“Well, for heaven’s sake, Susie,” Susan Orlean’s mother once told her. “You and your animals.”
Orlean has garnered well-earned acclaim writing about a slew of unlikely subjects, including orchid lovers, libraries, Saturday nights and more. However, she writes, “somehow or other, in whatever kind of life I happened to be leading, animals have always been my style. They have been a part of my life even when I didn’t have any animals, and when I did have them, they always seemed to elbow their way onto center stage.”
Regardless of whether you’re an animal lover, On Animals is a fabulously fun collection of essays, most of which first appeared in The New Yorker, where Orlean is a staff writer. “Lady and the Tiger,” for instance, tells the story of Joan Byron-Marasek, who collected tigers on her Jackson, New Jersey, property—well before Netflix’s “Tiger King.” Tiger hoarding, it seems, is a thing, and Byron-Marasek had lost track of exactly how many she owned when a Bengal tiger weighing more than 400 pounds was seen walking through the nearby suburbs.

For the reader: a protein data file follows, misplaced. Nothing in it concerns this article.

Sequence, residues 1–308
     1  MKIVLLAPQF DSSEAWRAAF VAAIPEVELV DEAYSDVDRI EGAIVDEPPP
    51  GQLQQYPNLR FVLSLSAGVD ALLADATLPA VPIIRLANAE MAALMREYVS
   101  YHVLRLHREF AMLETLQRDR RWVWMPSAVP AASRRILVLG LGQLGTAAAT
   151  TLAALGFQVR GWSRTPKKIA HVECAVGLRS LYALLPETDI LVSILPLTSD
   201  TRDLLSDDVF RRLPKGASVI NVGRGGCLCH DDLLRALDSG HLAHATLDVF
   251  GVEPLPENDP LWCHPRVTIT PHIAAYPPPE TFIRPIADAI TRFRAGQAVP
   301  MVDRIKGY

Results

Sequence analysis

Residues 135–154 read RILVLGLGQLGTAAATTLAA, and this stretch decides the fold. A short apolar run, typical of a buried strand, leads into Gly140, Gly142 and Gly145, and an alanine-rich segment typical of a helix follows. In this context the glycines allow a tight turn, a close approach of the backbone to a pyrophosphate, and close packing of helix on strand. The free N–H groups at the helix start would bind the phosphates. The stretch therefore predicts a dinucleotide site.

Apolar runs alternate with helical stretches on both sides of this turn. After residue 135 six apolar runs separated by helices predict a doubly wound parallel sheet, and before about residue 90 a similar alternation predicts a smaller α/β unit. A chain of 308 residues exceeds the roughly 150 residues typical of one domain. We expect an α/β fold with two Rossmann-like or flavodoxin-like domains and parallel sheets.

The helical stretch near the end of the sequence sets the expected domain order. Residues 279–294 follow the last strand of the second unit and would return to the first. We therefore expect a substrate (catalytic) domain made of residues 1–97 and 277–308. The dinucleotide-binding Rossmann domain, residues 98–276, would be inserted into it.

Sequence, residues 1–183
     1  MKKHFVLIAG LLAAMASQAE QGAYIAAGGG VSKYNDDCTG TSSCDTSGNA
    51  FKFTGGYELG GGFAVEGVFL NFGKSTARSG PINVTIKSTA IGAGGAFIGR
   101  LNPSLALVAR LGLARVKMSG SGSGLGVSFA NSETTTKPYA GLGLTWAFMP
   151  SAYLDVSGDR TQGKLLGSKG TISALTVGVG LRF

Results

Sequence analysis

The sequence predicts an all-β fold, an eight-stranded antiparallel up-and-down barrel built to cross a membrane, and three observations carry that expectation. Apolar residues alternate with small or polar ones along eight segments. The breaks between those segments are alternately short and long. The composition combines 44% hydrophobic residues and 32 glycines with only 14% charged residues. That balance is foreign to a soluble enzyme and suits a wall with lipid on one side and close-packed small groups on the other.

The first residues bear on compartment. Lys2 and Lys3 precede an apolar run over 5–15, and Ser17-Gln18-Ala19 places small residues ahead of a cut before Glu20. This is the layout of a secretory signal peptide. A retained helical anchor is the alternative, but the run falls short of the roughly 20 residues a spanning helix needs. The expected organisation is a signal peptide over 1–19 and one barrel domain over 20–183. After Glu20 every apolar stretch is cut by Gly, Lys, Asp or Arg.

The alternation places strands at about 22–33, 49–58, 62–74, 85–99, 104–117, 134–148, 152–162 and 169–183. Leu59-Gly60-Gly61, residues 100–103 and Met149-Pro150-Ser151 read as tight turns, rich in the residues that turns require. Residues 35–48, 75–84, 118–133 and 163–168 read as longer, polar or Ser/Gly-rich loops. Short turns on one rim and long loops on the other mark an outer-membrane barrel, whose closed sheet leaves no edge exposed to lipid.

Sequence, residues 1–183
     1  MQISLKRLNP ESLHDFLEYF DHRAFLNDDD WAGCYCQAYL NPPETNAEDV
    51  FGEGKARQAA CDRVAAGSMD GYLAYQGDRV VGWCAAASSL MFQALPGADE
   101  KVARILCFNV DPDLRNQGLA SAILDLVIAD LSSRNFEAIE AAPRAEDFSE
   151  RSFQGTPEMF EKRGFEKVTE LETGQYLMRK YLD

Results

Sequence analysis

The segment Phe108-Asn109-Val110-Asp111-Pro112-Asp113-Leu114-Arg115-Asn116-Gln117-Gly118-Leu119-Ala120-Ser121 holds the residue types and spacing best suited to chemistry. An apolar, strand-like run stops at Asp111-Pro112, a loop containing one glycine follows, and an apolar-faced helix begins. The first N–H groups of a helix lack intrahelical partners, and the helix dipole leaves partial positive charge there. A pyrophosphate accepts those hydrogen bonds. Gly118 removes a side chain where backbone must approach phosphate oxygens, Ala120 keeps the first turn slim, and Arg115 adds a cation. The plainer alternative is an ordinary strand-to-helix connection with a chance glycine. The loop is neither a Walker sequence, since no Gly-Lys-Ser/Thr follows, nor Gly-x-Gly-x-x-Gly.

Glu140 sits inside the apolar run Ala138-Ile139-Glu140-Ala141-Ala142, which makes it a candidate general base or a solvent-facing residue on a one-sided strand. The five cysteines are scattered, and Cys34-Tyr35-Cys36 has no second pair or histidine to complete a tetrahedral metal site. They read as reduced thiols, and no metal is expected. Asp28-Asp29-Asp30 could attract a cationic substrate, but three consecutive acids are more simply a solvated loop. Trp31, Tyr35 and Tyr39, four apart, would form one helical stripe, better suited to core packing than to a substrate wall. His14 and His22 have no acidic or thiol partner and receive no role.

Orlean is such a virtuoso of unexpected joys and delights that she can make even the story of a lost dog read like a thriller, as she does with the unlikely dognapping tale of a border collie in Atlanta. When writing about a champion boxer named Biff in “Show Dog,” her trademark humor shines through right from the start: “If I were a bitch, I’d be in love with Biff Truesdale. Biff is perfect. He’s friendly, good-looking, rich, famous, and in excellent physical condition. He almost never drools.”
In “Lion Whisperer,” Orlean profiles South African Kevin Richardson, who bonds with lions as cubs, cuddling and cultivating relationships through their adulthood, at which point they seem to accept him “on some special terms, as if he were an odd, furless, human-shaped member of their pride.” The essay blossoms into an especially intriguing tale with serious ethical concerns, which seasoned journalist Orlean duly explores. Her style seems meandering at times, but each essay always returns to its glorious point, even when following an aside about, in this case, a man who befriended a housefly named Freddie.
Whether she’s encountering a donkey laden with four televisions in Morocco, or extolling the global appeal of pandas, Orlean’s high-octane enthusiasm never wanes. After all, this is a woman who admits, “One day, I went to CVS to buy shampoo and came home with four guinea fowl thanks to a ‘For Sale’ sign I passed as I was driving home.” Likewise, Orlean’s readers will find themselves completely diverted by On Animals’ irresistible menagerie.